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Leading Petroleum Consumers
1. United States
2. China
3. Japan
4. India
5. Saudi Arabia
Source: US Energy Information Administration

Leading Petroleum Producers
1. Saudi Arabia
2. Russia
3. United States
4. Iran
5. China
Source: U.S. Energy Information Administration

Proven Reserves
These nations have the world’s largest proven oil reserves.
1. Saudi Arabia
2. Venezuela
3. Canada
4. Iran
5. Iraq
Source: U.S. Energy Information Administration

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Producing Oil

A semisubmersible oil production platform operating in water 1,800 metres.

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Although research has improved the odds since Edwin Drake’s days, petroleum exploration today is still a risky business. Geologists study underground rock formations to find areas that might yield oil. Even with advanced methods, only about 44 of every 100 exploratory wells find oil. The rest come up dry.

When oil is found, a petroleum company brings in a 50 to 100-foot drilling rig and raises a derrick that houses the tools and pipes that go into the well.

Today’s oil wells average 6,000 feet deep and may sink below 20,000 feet. The average well produces 11.3 barrels of oil a day.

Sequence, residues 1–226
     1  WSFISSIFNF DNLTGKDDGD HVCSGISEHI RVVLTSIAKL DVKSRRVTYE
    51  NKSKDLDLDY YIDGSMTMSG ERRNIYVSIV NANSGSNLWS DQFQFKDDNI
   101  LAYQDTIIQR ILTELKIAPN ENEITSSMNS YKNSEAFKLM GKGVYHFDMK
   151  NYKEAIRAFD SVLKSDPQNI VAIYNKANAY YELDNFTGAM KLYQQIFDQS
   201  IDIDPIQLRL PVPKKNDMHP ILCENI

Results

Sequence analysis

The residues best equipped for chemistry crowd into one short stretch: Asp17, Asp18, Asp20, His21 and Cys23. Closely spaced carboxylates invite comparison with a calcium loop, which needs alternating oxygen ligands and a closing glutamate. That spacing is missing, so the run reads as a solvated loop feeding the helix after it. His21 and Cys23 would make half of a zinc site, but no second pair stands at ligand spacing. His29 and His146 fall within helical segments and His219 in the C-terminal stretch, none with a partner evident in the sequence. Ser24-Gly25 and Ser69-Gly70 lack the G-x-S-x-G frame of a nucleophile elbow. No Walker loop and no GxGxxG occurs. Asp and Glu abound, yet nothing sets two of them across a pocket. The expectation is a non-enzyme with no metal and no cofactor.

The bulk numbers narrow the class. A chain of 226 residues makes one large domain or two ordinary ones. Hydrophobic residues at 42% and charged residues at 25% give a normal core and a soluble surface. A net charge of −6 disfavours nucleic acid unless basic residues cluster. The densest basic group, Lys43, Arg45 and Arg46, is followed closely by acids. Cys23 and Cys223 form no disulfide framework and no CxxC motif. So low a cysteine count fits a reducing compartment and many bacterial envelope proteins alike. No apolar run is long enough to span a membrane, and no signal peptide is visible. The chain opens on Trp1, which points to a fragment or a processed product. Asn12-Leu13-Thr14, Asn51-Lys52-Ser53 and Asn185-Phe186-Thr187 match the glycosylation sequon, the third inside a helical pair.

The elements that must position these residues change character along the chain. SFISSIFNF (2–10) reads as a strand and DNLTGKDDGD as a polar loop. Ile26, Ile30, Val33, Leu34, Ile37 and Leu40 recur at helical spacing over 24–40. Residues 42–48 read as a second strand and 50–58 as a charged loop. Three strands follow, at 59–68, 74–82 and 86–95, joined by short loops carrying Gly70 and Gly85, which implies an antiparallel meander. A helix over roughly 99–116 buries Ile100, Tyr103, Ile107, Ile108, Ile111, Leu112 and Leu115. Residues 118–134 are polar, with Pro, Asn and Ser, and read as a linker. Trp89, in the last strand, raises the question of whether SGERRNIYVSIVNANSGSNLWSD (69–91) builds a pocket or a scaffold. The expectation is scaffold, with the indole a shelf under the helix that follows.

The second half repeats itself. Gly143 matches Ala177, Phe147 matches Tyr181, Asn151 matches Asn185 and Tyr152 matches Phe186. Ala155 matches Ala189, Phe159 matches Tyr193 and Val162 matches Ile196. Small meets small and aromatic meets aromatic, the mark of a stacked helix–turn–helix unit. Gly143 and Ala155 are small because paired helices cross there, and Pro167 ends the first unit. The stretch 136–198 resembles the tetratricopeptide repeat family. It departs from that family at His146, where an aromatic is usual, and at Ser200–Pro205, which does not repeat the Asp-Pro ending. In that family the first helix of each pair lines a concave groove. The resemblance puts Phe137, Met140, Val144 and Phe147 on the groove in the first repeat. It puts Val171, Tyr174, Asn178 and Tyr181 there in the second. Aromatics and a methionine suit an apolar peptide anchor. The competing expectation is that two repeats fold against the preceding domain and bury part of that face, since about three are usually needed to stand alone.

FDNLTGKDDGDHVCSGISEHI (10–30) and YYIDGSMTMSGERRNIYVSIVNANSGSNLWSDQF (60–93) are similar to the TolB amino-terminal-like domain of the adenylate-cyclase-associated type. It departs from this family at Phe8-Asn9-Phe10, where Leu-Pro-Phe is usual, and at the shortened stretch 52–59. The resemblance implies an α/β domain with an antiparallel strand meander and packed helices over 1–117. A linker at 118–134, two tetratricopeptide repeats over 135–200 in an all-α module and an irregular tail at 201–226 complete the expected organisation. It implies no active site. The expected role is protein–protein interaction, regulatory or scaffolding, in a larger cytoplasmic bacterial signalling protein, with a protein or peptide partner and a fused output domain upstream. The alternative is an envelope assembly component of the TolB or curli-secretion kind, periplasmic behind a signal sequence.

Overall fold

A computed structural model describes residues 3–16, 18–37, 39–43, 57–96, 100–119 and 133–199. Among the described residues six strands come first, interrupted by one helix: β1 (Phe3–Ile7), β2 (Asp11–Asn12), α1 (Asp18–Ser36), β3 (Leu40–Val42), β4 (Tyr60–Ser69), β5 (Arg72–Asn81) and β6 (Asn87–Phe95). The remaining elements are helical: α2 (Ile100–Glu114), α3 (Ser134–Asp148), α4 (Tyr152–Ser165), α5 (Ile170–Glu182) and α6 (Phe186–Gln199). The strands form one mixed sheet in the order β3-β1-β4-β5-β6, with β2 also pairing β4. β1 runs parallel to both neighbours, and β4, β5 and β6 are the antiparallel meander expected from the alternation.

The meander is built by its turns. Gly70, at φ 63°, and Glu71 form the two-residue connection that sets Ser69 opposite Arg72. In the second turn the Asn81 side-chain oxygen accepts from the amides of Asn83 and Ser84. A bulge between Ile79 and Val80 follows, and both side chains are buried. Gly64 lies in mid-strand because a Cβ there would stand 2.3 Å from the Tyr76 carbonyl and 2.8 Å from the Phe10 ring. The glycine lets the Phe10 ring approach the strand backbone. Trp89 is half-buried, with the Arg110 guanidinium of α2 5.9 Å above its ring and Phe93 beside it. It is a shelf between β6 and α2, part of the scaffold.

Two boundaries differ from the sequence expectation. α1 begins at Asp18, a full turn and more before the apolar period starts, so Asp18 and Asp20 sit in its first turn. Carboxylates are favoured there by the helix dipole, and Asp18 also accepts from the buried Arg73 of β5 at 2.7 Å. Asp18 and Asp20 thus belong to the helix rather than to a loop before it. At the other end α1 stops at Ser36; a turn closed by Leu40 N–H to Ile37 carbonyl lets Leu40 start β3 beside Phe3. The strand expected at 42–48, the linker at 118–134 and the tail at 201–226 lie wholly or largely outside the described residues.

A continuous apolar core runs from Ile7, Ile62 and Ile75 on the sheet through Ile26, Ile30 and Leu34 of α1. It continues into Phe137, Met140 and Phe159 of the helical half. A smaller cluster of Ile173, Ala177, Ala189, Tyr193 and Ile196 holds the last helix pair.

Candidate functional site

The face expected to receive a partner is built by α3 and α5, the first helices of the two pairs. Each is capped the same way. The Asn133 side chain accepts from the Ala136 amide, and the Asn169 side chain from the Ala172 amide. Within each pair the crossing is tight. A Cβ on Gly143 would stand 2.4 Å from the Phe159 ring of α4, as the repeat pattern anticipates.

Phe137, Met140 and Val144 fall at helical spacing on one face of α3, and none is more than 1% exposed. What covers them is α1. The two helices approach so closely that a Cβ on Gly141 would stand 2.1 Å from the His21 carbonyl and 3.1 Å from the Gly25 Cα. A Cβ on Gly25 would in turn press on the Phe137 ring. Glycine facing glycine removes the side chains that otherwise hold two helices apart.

To safeguard the environment, oil drilling and oil production are regulated by state and federal governments. Oil companies must get permission to explore for oil on new lands. Many experts believe that 85 percent of our remaining oil reserves are on land owned by the federal government. Oil companies lease the land from the federal government, which, in return, receives rental payments for the land as well as percentage payments from each barrel of oil.

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Petroleum Products

A petrochemical refinery in Grangemouth, Scotland.

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Petroleum products are materials derived from crude oil (petroleum) as it is processed in oil refineries. Unlike petrochemicals, which are a collection of well-defined usually pure chemical compounds, petroleum products are complex mixtures. The majority of petroleum is converted to petroleum products, which includes several classes of fuels.

According to the composition of the crude oil and depending on the demands of the market, refineries can produce different shares of petroleum products. The largest share of oil products is used as “energy carriers”, i.e. various grades of fuel oil and gasoline. These fuels include or can be blended to give gasoline, jet fuel, diesel fuel, heating oil, and heavier fuel oils. Heavier (less volatile) fractions can also be used to produce asphalt, tar, paraffin wax, lubricating and other heavy oils. Refineries also produce other chemicals, some of which are used in chemical processes to produce plastics and other useful materials. Since petroleum often contains a few percent sulfur-containing molecules, elemental sulfur is also often produced as a petroleum product. Carbon, in the form of petroleum coke, and hydrogen may also be produced as petroleum products. The hydrogen produced is often used as an intermediate product for other oil refinery processes such as hydrocracking and hydrodesulfurization.